Saturday, February 6, 2010

2006 - PAN'S LABYRINTH, updating Hans Christian Anderson's, The Little Match Girl, with lots of blood and violence

The director Guillermo del Toro, is an interesting guy.  He's very talented when it comes to making movies.  He knows how to stage and photograph a scene.  He  is up on the latest technological tricks to integrate special effects with live action.

Del Toro spends a lot of time working on his films to get them perfect.  But story wise he hasn't been exactly aiming for a Citizen Kane or a Schindler's List.

Here is a partial list of his films:

Cronos - a vampire story about a guy trying to destroy mankind.
Blade 2 -  vampires trying to destroy mankind.
Mimic -  giant icky insects living in the sewers trying to destroy mankind.
Hellboy - comic book about a demon from hell fighting off monsters trying to destroy mankind.
Hellboy II - see above, more of the same still trying to destory mankind.

Then there's the film Pan's Labyrinth,  his attempt at sort of respectability by filming a very dark fairy tale.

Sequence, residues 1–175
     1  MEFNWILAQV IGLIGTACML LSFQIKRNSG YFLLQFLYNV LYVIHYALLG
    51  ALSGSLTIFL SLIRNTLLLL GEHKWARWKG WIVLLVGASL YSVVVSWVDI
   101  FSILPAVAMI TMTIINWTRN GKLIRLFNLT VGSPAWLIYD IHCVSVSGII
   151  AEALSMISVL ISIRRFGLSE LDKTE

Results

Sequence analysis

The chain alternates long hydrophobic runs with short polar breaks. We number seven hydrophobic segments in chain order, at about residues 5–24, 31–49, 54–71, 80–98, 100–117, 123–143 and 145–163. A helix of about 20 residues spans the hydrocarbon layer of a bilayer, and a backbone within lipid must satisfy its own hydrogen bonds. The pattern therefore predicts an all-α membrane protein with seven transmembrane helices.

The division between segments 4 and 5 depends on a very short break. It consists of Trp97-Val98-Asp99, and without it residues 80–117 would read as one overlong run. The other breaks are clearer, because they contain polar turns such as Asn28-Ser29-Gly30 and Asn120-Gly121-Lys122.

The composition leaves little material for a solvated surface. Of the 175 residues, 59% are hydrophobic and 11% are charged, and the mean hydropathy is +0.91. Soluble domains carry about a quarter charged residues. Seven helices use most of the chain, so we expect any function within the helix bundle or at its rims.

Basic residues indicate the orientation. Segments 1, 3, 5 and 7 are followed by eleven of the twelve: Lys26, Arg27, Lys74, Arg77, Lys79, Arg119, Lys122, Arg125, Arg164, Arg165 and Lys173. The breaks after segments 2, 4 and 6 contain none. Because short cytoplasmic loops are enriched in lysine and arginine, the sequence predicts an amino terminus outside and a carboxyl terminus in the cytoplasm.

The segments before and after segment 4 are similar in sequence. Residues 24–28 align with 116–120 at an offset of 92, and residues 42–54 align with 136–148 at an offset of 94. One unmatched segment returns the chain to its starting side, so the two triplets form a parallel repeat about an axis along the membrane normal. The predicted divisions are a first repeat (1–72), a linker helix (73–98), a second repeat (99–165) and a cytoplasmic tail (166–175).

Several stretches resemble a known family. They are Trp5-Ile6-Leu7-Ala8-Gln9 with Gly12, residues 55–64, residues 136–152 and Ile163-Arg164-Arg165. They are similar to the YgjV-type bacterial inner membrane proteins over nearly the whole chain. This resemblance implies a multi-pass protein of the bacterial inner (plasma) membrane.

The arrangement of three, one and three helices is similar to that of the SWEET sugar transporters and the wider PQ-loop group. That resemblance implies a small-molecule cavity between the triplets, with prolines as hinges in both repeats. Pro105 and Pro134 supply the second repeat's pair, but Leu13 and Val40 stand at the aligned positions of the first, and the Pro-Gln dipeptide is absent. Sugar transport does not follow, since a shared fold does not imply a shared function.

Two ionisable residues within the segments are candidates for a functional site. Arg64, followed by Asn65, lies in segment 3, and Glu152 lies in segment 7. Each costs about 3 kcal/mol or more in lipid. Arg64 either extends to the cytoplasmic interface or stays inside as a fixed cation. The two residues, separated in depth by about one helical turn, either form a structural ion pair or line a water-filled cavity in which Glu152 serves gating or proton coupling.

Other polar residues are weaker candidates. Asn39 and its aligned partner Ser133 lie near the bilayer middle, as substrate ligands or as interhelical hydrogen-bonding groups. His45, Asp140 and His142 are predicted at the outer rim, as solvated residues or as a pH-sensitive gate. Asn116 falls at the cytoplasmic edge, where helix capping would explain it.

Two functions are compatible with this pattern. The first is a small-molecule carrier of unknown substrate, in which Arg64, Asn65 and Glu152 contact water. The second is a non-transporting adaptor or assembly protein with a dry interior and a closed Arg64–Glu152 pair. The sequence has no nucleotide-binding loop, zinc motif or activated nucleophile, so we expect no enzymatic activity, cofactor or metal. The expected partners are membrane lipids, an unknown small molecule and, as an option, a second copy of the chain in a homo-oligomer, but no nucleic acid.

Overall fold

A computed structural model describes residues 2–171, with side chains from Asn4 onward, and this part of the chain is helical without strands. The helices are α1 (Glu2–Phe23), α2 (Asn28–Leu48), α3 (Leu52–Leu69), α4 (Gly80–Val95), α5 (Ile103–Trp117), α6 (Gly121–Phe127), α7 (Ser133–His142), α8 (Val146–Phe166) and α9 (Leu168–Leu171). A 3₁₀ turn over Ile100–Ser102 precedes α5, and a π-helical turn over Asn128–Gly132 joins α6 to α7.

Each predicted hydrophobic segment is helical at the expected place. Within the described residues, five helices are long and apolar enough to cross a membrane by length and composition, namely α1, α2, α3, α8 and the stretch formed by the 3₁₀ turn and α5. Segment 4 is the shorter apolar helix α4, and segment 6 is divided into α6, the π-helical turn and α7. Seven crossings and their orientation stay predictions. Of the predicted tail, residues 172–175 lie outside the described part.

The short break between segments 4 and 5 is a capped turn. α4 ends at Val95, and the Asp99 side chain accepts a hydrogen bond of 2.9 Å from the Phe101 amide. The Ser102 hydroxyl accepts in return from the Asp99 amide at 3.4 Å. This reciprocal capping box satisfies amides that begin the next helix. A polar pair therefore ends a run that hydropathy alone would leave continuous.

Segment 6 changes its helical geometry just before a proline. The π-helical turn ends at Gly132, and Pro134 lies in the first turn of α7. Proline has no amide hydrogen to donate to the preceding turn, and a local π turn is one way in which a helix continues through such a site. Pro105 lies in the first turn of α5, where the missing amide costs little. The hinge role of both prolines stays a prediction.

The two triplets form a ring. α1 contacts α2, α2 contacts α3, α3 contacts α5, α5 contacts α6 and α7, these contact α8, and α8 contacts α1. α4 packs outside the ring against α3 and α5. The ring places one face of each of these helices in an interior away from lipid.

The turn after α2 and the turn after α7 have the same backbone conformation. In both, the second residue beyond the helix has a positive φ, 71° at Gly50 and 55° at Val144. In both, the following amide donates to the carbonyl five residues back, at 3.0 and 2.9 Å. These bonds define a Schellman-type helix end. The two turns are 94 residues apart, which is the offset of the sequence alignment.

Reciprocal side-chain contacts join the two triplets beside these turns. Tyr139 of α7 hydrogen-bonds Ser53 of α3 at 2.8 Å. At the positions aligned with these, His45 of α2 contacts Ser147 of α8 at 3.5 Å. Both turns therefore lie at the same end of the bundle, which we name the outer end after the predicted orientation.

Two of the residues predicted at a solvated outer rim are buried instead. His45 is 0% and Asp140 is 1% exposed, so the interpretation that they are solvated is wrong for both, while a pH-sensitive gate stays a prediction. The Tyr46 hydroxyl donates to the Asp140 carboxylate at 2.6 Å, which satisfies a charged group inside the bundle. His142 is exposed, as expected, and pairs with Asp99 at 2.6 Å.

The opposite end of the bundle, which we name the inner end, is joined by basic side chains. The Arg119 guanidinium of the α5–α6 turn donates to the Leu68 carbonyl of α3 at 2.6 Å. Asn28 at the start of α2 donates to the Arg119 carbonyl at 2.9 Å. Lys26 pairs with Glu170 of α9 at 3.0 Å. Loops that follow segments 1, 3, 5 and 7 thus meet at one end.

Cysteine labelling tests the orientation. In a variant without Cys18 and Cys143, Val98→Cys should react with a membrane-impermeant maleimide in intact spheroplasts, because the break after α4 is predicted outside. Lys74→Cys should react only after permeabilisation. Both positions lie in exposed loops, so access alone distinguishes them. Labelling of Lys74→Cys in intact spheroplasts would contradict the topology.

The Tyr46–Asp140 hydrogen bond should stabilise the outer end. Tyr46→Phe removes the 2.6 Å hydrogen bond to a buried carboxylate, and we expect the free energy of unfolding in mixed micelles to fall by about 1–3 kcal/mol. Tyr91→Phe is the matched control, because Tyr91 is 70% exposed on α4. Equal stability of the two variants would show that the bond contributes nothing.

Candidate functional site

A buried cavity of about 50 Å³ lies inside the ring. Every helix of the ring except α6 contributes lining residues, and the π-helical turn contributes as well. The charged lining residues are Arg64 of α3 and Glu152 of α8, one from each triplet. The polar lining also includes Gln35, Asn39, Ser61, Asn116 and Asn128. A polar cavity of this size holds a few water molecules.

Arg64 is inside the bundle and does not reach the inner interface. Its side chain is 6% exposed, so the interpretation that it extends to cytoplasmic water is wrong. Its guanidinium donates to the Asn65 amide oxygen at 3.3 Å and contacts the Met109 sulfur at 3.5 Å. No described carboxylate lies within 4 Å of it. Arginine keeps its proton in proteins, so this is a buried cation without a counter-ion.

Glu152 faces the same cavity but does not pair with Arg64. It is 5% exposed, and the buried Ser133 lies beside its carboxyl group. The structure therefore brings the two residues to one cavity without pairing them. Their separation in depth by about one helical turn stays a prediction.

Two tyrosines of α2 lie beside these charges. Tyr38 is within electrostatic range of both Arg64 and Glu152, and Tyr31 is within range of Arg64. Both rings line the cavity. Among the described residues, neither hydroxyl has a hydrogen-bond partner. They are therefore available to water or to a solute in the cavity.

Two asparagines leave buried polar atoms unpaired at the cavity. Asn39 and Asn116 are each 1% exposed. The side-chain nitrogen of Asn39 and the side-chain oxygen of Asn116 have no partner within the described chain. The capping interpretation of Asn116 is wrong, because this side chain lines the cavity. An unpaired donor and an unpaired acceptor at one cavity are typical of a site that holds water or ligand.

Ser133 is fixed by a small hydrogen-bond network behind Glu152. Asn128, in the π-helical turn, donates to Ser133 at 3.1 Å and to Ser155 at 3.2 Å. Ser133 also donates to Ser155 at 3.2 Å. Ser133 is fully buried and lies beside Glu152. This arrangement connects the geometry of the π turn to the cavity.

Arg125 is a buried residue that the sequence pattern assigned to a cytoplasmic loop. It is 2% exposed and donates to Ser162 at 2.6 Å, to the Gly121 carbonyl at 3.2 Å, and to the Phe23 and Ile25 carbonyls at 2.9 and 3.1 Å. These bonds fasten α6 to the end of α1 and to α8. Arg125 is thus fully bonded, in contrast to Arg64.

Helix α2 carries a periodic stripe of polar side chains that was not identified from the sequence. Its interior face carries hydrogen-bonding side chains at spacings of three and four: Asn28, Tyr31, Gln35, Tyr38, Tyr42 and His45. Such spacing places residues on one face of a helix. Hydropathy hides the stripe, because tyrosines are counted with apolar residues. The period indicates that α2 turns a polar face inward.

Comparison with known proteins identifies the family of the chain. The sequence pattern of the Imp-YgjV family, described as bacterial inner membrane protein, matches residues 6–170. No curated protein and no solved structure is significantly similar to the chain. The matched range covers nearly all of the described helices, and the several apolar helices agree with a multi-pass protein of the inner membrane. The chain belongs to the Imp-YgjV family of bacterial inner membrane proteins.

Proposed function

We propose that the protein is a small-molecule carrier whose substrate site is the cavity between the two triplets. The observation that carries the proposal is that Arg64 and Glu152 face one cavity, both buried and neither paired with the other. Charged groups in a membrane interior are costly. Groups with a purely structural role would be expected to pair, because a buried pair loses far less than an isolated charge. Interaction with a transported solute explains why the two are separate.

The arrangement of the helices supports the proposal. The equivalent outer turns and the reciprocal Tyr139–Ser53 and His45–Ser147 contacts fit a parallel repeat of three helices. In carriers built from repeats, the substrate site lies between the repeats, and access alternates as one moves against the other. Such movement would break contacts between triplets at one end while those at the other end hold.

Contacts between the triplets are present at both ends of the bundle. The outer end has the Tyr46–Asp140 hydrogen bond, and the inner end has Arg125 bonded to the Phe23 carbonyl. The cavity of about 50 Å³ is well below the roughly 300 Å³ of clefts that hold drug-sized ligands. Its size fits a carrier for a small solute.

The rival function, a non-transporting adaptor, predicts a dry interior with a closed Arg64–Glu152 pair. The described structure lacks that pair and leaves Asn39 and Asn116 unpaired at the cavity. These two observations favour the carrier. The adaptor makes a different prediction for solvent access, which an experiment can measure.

In Franco's Spain during World War II, a young girl lives in the woods with her mother and evil soldier stepfather.  She meets a fawn who tells her she is the queen of the fairies ( or something like that).  If she fulfills three magical challenges she will live in the fairy world ( or something like that).


The idea appears to be to contrast the fairy world with the cold cruel world of man.  This is really hammered on with the character of the evil step father.  His job is to put down any resistance to the fascist Spanish government.  He goes about this by smashing people in the face with hammers, sawing their limbs off and just generally being an unpleasant guy.


Obviously the fairy world would be a happier place to be, except that world apparently has monsters who like to bite the heads off of cute little fairies and chase cute little girls around as well, that doesn't exactly seem like a fun place to hang out.

As much time and attention as del Toro spends on creating his fantasy world, he probably spends even more time on figuring out ways to show people being shot, stabbed and tortured.  The film was rated "R" when it was released, so going into it I was aware that the film was going to be kind of dark.  However I was unprepared for the level of nastiness that I was about to watch.

I get that the real world can be a harsh and cruel place, I don't need del Toro to tell me that I have cable news.  However in this incredibly pointless film, fairyland isn't much better.

119 minutes.

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